I clambered up the bank and low and behold there was a person standing on the path. Gave me quite a fright. It’s an Argentina guy out for his morning run. His friend has just started the TA from Cape Reinga. Who knows might meet him along the way. The runner made a very long run this morning as I bumped into him again twice down the North Shore. The trail follows existing paths through the Longbay Park with the option to walk along the clifftop or along the beach. I’d done the top walk before so opted for the beach as the tide was still out. The high cliffs feature the same sedimentary strata like further north yesterday. They are also home to the Longbay pigeon hapu who were cooing and flapping as I walked beneath. There were a good number of people already on the beach doing morning walks, walking dogs, metal detecting and a couple of people standing prone staring – not sure what they were up to. Climbing above Longbay onto Cliff Road you get to appreciate the spectacular views out to the gulf and the magnificent homes that surely cherish the view. At Torbay it was going off with a youth sailing regatta about to commence. The place was chokka with kids, parents, yachts, sails, flags and other trappings like Audis and BMWs. Up again I went over to Brown’s Bay and from there followed the coast around to Mairangi Bay. The surf club had a kids event on, little nippers and parents having a lot of fun with beach activities. Again I walked the coast track which I think is a man-made storm water pipe, perhaps. Past lovely Campbells Bay (seafront homes with a swimming pool!) the track ran out and so I continued clambering over the rocks. It was getting a bit dicey with the tide by this time however the sea was clear calm and warm so I spent most time sloshing through the water. Before Castor Bay I ascended the Kennedy Park stairs and met Ben at the top. I ditched some of the weight from my pack in his car and Ben joined for a walk to Castor Bay. Next stop was Milford with its pretty marina then I finally took a break to get a coffee in Milford village. Refreshed from the break I was soon walking through Takapuna. By this time I thought the tide would be in so elected to walk the road to Devonport wharf. I made a detour to an adjacent hoping to see friends Carol and George Spence. Sadly they were not there but we had a nice chat on the phone regardless. Although I have not seen them for years and our paths are different since I moved from business events I hold our friendship dearly. Further down Lake Road I spotted a barber shop with empty chair and crossed the road immediately for a haircut. Now no hair and no beard. Good times. Streamlined and walking faster I was soon under the pohutukawa on Memorial Drive. This avenue of 28 Norfolk Island pines is a commemorative planting established in 1952 to honour Devonport’s sons lost in World War 2. The western side of Lake Road is flanked by a row of pohutukawa. Ever since Milford entrepreneurial families have been selling Christmas trees, the live variety and doing a roaring trade. I love the personalised signage like ‘Phoebe and Lukas Christmas Trees for sale’. And there would be a couple of kids sitting in the front yard dispensing trees. The last one in Devonport was particularly flash with strawberries and a BBQ going on.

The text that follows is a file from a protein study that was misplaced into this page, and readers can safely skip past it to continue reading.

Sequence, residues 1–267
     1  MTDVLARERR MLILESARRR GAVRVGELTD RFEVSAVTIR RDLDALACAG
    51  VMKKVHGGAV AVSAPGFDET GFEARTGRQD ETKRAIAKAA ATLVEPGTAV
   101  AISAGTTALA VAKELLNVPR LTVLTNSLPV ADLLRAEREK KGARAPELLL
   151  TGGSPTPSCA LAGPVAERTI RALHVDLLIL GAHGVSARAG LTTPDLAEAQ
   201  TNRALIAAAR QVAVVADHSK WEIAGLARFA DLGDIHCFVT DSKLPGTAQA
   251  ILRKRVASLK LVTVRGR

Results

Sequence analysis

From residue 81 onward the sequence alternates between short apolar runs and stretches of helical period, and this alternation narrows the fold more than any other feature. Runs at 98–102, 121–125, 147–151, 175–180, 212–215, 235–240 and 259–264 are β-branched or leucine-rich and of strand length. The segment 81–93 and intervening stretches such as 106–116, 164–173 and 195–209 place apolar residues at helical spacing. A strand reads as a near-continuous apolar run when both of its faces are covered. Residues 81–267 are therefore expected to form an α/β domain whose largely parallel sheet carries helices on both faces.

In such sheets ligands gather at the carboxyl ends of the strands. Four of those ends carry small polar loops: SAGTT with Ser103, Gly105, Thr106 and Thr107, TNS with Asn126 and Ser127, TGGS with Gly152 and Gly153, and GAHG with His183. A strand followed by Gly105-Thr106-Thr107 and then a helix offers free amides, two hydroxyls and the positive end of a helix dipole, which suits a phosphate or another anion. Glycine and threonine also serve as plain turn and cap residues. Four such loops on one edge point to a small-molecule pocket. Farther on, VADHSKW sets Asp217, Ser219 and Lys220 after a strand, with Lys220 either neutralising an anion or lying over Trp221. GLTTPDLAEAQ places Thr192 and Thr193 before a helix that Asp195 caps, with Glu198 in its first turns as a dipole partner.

And there you have it. 8 hours after leaving Stillwater I have reached Devonport wharf and the end of the road for the North Shore. The trail now continues south from downtown Auckland. A drink is overdue and fortunately the Devonport wharf has been revamped and has an excellent restaurant and bar on its doorstep with beverage options to satisfy thirsty hikers. My friend Mo joined me for a great catch up before Ben also arrived and I returned to his place for the night. Ben and I have been friends since high school in Hamilton and I adore him and his family. Tonight we have a delicious home cooked Japanese dinner and it is early to bed after a relaxing jacuzzi. Tomorrow is a day off.
My feet will thank me.